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J Epidemiol Community Health. 2009 Jul;63(7):559-62. doi: 10.1136/jech.2008.084426. Epub 2009 Mar 15.

Medium-term effects of Italian smoke-free legislation: findings from four annual population-based surveys.

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  • 1Istituto di Ricerche Farmacologiche Mario Negri, Milan, Italy.



Italy was the first large country to ban smoking in all indoor public places, including restaurants and bars. The aim of this study was to quantify, 3 years after the law came into force, the effects of the smoking ban in terms of observance of the legislation and change of habits.


Data were considered from four representative surveys on smoking, conducted between 2005 and 2008 on a total of 12 245 individuals (5906 men and 6339 women) aged 15 years or over.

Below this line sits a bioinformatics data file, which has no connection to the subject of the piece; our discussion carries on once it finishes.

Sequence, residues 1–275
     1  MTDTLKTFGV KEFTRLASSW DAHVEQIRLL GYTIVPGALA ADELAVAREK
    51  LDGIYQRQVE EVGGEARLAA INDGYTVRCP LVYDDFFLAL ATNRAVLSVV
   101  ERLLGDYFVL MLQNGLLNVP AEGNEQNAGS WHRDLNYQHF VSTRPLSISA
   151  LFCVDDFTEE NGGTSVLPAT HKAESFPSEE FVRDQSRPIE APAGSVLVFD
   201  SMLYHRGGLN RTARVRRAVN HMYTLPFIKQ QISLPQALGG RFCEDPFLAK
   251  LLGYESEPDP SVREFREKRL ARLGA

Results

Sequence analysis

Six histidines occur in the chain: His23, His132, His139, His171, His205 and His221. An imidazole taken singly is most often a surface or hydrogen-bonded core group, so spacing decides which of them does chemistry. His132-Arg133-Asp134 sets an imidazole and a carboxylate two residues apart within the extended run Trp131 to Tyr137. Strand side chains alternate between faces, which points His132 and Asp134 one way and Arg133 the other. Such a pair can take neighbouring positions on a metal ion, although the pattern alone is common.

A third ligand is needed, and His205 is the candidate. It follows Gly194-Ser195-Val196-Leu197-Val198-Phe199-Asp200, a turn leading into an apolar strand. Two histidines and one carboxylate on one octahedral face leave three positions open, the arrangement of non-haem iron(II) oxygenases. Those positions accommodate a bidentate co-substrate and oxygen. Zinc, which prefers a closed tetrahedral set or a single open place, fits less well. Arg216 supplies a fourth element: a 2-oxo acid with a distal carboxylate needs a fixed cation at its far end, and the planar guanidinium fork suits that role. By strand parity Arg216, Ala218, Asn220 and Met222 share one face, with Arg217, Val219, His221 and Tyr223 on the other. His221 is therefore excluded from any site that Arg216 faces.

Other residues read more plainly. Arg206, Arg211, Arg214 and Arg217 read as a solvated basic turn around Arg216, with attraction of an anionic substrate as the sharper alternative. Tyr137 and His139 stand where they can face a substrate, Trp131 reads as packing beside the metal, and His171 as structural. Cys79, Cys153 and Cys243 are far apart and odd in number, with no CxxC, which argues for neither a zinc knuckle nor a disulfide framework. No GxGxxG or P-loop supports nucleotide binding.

In 2008, more than 80% of Italians (more than 90% in northern Italy) had the perception that the smoking ban was respected in bars/cafes and restaurants, despite a slight reduction since 2005. In all the surveys combined, 75% of the Italian population reported that the smoking ban was respected in workplaces. Overall, approximately 10% of Italians reported that, after the implementation of the tobacco regulation, they went to bars/cafes and restaurants more frequently, and approximately 7% less frequently, than before.


The study shows that in Italy the smoke-free legislation did not affect the business of restaurants and bars, and remains widely respected 3 years after the law came into force.

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